Bipartisan Bill Would Finally Put An End To Federal Interference Of Cannabis Laws

Senators Elizabeth Warren and Cory Gardner want each state to determine its policies about marijuana.

Bipartisan Bill Would Finally Put An End To Cannabis Prohibition
Photo by smodj/Getty Images

A bipartisan effort to end the senseless federal war on cannabis was launched on Thursday as Sen. Elizabeth Warren (D-Mass.) and Cory Gardner (R-Colo.) joined forces to hammer out a comprehensive piece of legislation. The bill would allow individual states to determine their own policies regarding marijuana legalization without the threat of federal interference.

The far-reaching Senate bill – and companion legislation introduced in the House – would amend the Controlled Substances Act. The bill, called the “Strengthening the Tenth Amendment Through Entrusting States Act” (STATES Act), would protect cannabis consumers from federal prosecution if they are complying with state cannabis laws.

“There’s not enough support in the U.S. Congress to repeal the ban on marijuana outright, but this gets the job done for Massachusetts and for other states that have legalized marijuana,” Warren said. “This isn’t some compromise where we stop here forever. This just lets states that want to move forward, to move forward.”

Warren and Gardner worked on drafting the bill shortly after Attorney General Jeff Sessions announced a cannabis policy reversal in January. In protest of Sessions’ crackdown on state cannabis regulations, Gardner essentially stymied Senate confirmation votes on Justice Department nominees. In April, Gardner coaxed a promise from President Donald Trump to steer clear of interfering with states which have voted to approve adult recreational cannabis.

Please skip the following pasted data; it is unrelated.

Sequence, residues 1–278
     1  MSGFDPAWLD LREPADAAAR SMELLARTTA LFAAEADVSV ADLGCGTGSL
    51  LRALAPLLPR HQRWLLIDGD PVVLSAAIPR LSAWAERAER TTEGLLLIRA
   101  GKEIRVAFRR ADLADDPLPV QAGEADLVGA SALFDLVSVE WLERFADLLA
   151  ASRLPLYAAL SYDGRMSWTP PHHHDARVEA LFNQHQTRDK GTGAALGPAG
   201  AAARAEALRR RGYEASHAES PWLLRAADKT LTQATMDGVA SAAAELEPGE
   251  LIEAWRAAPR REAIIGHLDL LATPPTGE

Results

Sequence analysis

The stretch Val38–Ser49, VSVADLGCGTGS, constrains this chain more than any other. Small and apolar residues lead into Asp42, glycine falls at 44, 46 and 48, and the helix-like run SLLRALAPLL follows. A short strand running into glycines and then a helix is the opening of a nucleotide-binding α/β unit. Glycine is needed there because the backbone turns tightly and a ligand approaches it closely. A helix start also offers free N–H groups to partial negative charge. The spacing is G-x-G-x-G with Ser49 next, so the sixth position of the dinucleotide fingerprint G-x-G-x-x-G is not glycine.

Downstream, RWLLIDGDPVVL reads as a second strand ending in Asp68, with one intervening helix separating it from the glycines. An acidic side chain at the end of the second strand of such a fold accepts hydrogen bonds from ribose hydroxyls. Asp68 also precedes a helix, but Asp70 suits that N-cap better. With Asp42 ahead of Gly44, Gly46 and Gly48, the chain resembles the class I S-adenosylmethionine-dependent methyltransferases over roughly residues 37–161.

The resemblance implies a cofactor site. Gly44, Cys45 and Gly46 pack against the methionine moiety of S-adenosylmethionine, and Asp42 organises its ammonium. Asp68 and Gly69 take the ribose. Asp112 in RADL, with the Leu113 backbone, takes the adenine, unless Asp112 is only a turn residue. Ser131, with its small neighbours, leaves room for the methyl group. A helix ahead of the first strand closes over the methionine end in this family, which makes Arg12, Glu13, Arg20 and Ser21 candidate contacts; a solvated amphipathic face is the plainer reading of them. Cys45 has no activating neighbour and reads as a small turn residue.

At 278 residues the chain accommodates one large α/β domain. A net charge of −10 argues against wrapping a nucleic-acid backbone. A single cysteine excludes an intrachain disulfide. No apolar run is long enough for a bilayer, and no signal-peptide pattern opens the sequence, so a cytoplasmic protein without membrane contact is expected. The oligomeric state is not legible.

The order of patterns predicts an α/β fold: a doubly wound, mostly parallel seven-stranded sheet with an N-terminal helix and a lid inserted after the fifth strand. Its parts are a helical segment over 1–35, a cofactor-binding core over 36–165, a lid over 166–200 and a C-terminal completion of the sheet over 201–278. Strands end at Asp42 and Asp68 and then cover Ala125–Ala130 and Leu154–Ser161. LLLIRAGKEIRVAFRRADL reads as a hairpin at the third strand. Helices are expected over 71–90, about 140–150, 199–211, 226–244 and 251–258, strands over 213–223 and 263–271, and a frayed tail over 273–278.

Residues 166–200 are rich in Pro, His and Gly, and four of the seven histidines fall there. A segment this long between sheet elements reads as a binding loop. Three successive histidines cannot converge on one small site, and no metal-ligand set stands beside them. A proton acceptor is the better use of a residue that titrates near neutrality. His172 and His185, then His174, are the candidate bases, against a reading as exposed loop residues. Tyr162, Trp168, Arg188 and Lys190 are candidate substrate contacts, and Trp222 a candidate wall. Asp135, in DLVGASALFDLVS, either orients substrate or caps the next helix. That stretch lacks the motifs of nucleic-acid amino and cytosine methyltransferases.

Gardner spoke to Trump on Thursday and said the president confirmed his earlier promise. “We can’t go backwards. We can only go forwards,” Trump said, according to Gardner.

Senate Majority Leader Mitch McConnell has promised that the bill will be heard on the floor of the Senate, according to Warren.

After waffling for years on the question of legal cannabis, Warren is now firmly in support of regulating adult recreational consumption. She sees it as a winning issue for Democrats this November. “I’ll be pitching it at Democratic lunches,” Warren said.

According to Warren, “The laws on the books make it harder for veterans to get treatment for chronic pain. They keep children with chronic diseases in agony and they make life miserable for individuals struggling with terminal diseases.

“The science is clear: Medical marijuana treatments are effective,” Warren added. “There is absolutely no reason patients should be prevented from seeking scientifically approved care, but right now, that is the reality for millions of people across the country. These archaic laws don’t just hurt individual people. They also hurt businesses that are in the marijuana business from getting access to banking services. That forces a multi-million-dollar industry to operate all in cash. That’s bad for business and bad for safety.”

As for Gardner, he believes that “our founders intended the states to be laboratories of democracy. Many states right now find themselves deep in the heart of that laboratory. As the president said in a conversation with me, ‘We can’t go backward. We can only go forward.’ The ketchup’s not going back in the bottle, as the old saying goes.”

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